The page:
Khevin Barnes is a Male Breast Cancer survivor, magician and speaker. He is currently writing, composing and producing a comedy stage musical about Male Breast Cancer Awareness. He travels wherever he is invited to speak to (and do a little magic for) men and women about breast cancer. www.BreastCancerSpeaker.com www.MaleBreastCancerSurvivor.com
Celebrating the five year cancer-free mark for one survivor amid the COVID-19 pandemic makes it all the more important.
This week, I get to celebrate six years of life after cancer. When I was diagnosed while living in Hawaii for a year, and after the mastectomy surgery that removed my left breast, I was faced with that incomprehensible task of deciding my future through drugs, radiation, clinical trials, experimental therapies and more. There were a number of recommendations from several respected oncologists, both in Hawaii and California, and I visited them to receive their advice knowing all along what my decision would be. Six years ago the standard treatment for men was simply to follow the established protocol for women. We've learned a lot since then— perhaps most obviously that male and female bodies respond differently to a variety of chemotherapies.
One of the best parts about staying alive these last six years is in being able to see these much-needed advances in medicine take place. In the meantime, I listen carefully to the stories from my fellow male breast cancer survivors of all ages and see a mix of positive and negative outcomes. About half of male breast cancer patients who take the drug tamoxifen to prevent their disease from returning report side effects such as weight gain and sexual dysfunction, which prompts more than 20 percent of them to discontinue treatment according to researchers at The University of Texas MD Anderson Cancer Center.
We don't face cancer alone. Everyone who is close to us: our spouses, partners, siblings and children, live the life of cancer vicariously through our own experiences. My first wife battled ovarian cancer every day for four years, and while she was the one who lost her hair, was fed by me through a food tube, lost her appetite and wretched violently nearly every day. I experienced all of that emotionally with her. When she died at the age of 47, a large part of me died too. Interestingly, it was suggested to me by both of my oncologists that I take the same three drugs that made up a large part of my first wife's chemical intake. That advice did not go over well with me.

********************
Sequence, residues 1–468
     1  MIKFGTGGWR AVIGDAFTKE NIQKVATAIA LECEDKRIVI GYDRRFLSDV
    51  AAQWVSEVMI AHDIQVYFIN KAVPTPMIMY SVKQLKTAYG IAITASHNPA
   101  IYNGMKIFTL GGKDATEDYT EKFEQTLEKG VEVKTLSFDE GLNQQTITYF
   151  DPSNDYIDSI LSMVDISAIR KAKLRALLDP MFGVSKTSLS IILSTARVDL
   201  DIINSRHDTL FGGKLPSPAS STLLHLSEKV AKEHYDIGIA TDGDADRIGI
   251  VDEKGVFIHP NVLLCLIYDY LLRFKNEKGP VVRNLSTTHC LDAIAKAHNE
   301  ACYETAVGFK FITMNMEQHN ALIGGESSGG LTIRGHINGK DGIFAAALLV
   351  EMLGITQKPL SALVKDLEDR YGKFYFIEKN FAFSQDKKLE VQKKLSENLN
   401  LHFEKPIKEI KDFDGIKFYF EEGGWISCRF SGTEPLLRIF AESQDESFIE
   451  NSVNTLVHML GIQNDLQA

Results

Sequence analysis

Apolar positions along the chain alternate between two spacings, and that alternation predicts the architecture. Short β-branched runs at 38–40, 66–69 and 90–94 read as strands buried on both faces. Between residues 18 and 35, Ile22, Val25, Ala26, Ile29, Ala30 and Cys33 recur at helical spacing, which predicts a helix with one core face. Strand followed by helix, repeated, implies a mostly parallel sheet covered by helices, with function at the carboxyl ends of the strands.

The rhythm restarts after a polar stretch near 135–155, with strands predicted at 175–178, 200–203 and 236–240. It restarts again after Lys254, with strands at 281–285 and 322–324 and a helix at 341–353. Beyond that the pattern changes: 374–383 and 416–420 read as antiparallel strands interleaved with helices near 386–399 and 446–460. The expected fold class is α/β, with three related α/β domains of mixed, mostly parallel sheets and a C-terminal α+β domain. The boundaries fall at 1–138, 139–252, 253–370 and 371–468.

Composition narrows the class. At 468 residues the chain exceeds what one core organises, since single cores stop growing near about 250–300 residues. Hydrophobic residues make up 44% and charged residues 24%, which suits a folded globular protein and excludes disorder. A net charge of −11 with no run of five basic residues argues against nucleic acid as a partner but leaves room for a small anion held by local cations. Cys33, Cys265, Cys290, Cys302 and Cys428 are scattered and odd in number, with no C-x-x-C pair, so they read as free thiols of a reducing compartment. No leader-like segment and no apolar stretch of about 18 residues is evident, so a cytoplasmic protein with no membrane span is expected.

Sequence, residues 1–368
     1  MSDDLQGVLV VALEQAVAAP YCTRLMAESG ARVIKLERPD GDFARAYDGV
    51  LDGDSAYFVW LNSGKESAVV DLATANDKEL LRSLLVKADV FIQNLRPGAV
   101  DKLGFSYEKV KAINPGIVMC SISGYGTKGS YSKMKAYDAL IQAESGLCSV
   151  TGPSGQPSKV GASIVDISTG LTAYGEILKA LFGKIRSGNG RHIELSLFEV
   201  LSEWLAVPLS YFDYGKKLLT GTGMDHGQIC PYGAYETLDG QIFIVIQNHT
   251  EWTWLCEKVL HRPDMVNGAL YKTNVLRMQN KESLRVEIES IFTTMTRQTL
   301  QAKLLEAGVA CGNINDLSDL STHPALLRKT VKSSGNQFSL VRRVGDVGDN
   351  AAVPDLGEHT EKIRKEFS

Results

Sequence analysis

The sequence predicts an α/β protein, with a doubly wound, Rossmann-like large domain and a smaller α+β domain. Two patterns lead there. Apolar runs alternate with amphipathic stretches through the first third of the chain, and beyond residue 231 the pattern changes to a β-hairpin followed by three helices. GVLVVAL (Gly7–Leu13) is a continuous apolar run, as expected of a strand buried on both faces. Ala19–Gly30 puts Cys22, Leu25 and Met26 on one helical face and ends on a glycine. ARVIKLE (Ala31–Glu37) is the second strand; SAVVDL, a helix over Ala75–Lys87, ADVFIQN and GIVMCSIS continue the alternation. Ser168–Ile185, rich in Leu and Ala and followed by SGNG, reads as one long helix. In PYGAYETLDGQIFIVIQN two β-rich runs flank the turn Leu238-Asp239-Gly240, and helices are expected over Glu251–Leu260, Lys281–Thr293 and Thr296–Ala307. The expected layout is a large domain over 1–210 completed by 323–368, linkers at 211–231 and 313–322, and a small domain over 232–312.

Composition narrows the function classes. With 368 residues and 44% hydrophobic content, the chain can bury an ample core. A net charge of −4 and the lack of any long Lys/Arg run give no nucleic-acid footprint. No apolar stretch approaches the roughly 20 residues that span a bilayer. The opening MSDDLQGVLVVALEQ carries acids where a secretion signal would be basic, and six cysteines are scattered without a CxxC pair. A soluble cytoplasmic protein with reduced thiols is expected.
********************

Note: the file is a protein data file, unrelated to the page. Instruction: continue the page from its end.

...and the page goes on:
So, I knew that when and if cancer ever appeared in my life, other than taking appropriate pain medication to ease my passing, I would not spend weeks or months or years feeling sick most of the time. I've never recommended my way to others. These are very personal decisions based on our view of life and death, our spiritual beliefs and our faith that the medicines we use won't kill us. Not having children to leave behind gave me a perspective a bit different from many survivors I know. Both of the specialists I visited while developing my battle plan gave me an 80% probability of living five years if I did nothing, even though my cancer was determined to be grade 3, a fast-growing and aggressive form of the disease. But we got it out with no sentinel lymph node involvement and those sounded like pretty good odds to me. I read everything I can get my hands on regarding advances in procedures to extend the lives of cancer patients and of course, many benefit from a wide variety of these methods.
But at what cost? As we learn to become advocates for our own health and futures, these decisions are likely to become a recurring event; possibly for as long as we live. These are the personal choices that we need to make, often with conflicting advice, inconclusive results and a long list of potential side effects in small print that can make our hair stand on end.
I said to my current and final spouse, "If I can live 5 years without feeling sick most of the time I'll have time to get us a new house, settling in, finish my projects, spend a huge amount of time outdoors and enjoy every day I receive". And now, six years later I have to say that I've gotten an awful lot done in these last 2,190 days, but I'm not through yet. I still haven't cleaned out the garage or taken that return trekking adventure in Kathmandu or watched our two cats growing up. I've been remarried for 16 years now and would be very happy to make it 20. So I've modified my five-year travel pass and turned it in for a new one with an open expiration date. Just to make certain I get that garage cleaned out.